It used to be Smooth Boy’s Zippo, but Smooth Boy is dead. I run my thumb over the striker wheel, addicted to the friction of metal sparking flint, and pass my index finger back and forth through the flame. I like the weight and the slick cold touch of it. I imagine myself going back in time to a pre-literate civilization and having them worshiping me as the living god of fire. The flame wavers like a tired stripper going through the motions. I hold my fingertip in the heart of it until the first throb of pain makes me jerk it back. Smooth Boy was my name for him, his real name doesn’t matter.

He lived a few doors down from me at The Carlyle, a Rogers Park SRO, where the hallway smells of moldy carpet and nicotine. I work nights and sleep days. My job consists of knowing zip codes and loading boxes. The snap-click-flick of the lighter is a mesmerizing rhythm, dulling memories that flash and pop.

A Zippo will last a lifetime with proper maintenance. It lasted a lifetime for Smooth Boy. I unscrew the spring holding the flint and replace the worn nub with a fresh cylindrical hulk. I pull the wick up with tweezers and snip off the carbon-frayed edges. Finally, I fill it until fluid oozes over the sides leaving the woozy scent of naphtha on my fingers. I must remember to take a generous supply of fluid, wicks, and flint with me when I travel back in time.

But I would need more than fire to convince an ancient society of my godliness. Jesus could turn water into wine, and look where he ended up. I would try for more showmanship, with less call for charity and love. Kool-Aid turns bitter water sweet, a pound of it would be worth its weight in gold.  I could prepare a nice little dog and pony show, but the arrow of time moves relentlessly forward.  If people could travel back in time, then why aren’t they here now saving us from ourselves?  I know that nothing will save me, not Kool-Aid, not fire, not any man-made god.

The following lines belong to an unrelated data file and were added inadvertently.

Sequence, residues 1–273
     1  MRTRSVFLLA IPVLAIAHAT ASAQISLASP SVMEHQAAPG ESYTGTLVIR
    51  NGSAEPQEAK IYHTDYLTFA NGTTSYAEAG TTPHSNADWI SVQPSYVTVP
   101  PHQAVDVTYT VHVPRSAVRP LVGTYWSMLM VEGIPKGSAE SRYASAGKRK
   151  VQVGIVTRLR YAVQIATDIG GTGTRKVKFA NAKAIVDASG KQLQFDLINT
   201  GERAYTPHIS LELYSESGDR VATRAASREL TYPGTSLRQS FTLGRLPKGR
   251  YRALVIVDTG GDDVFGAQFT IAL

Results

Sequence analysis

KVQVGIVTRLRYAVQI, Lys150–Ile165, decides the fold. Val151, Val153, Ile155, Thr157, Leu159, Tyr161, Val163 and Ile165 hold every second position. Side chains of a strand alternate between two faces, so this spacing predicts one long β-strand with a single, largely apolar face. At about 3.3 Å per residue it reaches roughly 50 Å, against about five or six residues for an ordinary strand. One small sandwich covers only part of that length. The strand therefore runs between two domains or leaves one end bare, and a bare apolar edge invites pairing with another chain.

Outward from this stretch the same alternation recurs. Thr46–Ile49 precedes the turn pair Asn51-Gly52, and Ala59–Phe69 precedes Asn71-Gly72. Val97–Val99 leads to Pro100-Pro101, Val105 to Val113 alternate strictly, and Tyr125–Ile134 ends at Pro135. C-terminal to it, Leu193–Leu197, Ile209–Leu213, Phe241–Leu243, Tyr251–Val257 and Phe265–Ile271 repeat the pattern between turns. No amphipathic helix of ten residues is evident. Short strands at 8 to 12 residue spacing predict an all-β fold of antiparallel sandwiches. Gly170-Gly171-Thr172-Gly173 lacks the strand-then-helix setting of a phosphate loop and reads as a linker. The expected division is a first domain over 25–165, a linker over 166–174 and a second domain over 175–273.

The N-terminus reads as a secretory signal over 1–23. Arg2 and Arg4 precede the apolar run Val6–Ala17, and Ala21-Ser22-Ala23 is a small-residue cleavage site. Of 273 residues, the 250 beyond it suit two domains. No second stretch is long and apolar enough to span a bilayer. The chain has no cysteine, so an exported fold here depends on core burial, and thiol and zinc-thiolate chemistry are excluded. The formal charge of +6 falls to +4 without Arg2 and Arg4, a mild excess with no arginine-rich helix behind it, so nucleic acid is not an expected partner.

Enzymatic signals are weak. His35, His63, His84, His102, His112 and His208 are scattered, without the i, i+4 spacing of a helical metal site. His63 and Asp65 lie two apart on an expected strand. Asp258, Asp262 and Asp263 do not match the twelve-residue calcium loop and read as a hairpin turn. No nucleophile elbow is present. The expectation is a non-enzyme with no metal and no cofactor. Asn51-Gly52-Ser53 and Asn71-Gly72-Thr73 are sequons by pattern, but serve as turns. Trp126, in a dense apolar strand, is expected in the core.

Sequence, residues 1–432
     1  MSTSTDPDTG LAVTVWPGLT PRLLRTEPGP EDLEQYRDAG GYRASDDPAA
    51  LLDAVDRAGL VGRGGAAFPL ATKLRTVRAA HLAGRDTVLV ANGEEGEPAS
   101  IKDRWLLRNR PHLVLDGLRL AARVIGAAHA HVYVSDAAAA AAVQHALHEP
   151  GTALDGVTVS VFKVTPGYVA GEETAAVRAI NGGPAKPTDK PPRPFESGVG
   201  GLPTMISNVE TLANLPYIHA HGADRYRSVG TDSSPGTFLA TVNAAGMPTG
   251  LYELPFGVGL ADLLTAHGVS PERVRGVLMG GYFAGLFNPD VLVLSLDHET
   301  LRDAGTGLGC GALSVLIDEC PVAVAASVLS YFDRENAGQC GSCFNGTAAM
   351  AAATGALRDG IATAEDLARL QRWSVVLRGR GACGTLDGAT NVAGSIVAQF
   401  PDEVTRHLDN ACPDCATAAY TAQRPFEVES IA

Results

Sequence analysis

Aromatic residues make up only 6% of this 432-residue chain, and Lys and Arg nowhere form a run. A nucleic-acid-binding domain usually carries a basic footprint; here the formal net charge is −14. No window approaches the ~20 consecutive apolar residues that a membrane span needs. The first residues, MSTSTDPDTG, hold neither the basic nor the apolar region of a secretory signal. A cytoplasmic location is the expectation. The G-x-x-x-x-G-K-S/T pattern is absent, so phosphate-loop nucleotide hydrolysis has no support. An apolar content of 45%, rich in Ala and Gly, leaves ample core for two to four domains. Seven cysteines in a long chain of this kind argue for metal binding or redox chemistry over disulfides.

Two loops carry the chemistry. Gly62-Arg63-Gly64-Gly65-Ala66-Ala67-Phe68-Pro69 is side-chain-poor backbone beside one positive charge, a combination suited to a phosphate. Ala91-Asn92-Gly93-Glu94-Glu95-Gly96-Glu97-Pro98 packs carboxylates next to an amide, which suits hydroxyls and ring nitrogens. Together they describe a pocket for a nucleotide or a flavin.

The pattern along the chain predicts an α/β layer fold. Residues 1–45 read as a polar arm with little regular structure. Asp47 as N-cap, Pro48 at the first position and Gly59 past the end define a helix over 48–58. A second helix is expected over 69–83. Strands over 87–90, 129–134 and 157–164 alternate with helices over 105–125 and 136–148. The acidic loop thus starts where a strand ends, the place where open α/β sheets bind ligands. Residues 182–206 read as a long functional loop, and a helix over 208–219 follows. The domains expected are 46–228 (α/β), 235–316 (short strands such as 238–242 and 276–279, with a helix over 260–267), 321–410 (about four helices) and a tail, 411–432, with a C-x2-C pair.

I called him Smooth Boy because he resembled an anime character with almost Asian eyes, soft face, spiky black hair, and a chin suggesting a vague blend of east and west.  He could have been as young as twenty or as old as forty.  We never talked, passing each other in the hall with a slight head nod and momentary eye contact, enough to recognize each other's existence without the need to push for details.  I’d often see him out front when I left for work, snapping and clicking the lighter with the same motion that lives on in me. He was one of those people who smoked outside no matter what the weather.

The night of our first and last real conversation was in the late spring. I’d left my room without a jacket, trusting it was going to remain warm through the length of my shift.  He was seated on the low slung pipe fence that surrounds the parkway where a few weeds grow amidst lumps of dog crap, Styrofoam litter, and a dead honey locust tree.

About me

This is me: home-writer, book-reader, dog-lover and occasional poet. I make this website to share my and my friends texts with You, dear Reader. Please: read carefully, don't be scary, upgrade your mood and be king and leave your comment. :)